Images will be compiled using the hashtag: #mudwalkingleight. An interactive map and extensive documentation will be produced to help Paul Huxster to track this complex yet contentious process in which science oughtn’t have the only say. We want to reflect upon what constitutes native or non-native ecology and what defines novel versus historical ecosystems in an age in which human activity constitutes the main force driving ecosystems’ change. And, above all, contemplate the cultural systems we use to value them.

The tide on the day will be early, so we need to start walking by 9am. Participants should bear on mind that the event is demanding physically; appropriate gear (listed above) is essential, especially tight wellies and a strong stick for walking. It will take about 2-2.5 hours to walk the mud, then after little rest and light refreshment, participants will get a chance to add their data, images and observations to online maps produced on the day or produce their own map.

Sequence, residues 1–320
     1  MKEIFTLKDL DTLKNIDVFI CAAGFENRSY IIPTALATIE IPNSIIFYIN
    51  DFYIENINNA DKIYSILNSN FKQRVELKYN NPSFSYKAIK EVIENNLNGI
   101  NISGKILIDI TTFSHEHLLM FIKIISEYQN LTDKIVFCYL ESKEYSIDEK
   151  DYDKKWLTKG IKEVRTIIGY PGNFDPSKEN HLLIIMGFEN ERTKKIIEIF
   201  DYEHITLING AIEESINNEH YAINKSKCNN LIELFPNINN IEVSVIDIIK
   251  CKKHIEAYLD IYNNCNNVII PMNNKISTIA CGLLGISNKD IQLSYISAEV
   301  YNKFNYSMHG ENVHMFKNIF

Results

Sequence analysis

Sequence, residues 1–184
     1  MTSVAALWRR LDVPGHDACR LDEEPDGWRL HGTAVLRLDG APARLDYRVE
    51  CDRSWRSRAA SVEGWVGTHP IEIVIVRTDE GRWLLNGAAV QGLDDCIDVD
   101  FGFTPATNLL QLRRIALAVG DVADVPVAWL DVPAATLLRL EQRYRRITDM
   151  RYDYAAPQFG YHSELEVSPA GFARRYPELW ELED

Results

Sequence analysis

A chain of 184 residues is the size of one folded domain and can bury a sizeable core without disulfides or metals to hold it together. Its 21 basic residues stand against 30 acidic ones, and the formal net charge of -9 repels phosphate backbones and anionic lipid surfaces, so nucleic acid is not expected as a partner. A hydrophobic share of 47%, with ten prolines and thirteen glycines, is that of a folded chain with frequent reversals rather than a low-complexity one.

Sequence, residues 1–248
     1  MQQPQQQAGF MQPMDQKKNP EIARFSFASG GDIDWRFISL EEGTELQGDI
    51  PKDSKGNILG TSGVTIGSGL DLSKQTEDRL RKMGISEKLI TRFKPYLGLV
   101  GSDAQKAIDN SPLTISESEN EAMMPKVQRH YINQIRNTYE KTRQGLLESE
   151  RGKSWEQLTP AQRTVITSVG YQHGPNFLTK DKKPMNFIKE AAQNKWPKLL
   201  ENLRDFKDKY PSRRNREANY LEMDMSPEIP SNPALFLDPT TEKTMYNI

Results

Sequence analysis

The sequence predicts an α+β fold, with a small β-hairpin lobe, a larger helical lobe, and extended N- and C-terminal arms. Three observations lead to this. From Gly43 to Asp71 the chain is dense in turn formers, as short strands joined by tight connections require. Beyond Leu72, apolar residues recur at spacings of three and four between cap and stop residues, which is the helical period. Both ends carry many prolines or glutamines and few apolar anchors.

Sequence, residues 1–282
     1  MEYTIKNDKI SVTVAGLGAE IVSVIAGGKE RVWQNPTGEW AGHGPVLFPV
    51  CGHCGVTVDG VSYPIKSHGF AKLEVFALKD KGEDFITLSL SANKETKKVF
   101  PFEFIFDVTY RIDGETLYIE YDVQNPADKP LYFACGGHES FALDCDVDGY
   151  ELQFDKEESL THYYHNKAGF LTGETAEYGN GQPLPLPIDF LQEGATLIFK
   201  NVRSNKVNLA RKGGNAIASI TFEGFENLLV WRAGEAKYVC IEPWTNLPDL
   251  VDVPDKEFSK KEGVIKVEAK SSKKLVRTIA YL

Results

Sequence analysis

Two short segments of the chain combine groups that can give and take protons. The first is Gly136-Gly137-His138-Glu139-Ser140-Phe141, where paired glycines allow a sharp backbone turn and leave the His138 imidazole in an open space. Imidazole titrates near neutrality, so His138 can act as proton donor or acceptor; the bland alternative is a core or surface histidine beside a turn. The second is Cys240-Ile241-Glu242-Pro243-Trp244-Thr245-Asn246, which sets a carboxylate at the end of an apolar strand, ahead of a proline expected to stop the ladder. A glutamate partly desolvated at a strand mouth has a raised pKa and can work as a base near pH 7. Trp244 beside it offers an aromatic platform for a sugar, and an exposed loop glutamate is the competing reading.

(2) Digital Mapping, Introduction to Citizen Science with Andy Freeman

Date and Time: (weather permitting) Sunday14 September 10am to 4pm
Estimate number of assistants: 7-20max
Meeting point: The Fisherman’s Chapel, New Road Methodist Church, New Road, Leigh-on-Sea, SS9 2EA
Protective clothing and equipment (see above)

With GPS enabled camera phones and free online tools its now easier than ever to make useful, fun and beautiful maps that can show anything from your holiday snaps to the distribution of edible plants in polluted soil.

Andy Freeman will introduce a range of techniques for making and sharing maps using simple digital methods. The workshop includes a walking tour of Two Tree Island where participants will learn how to collect geo-tagged images and data using either their mobile phone or equipment supplied on the day. Data we hope to collect on the day includes: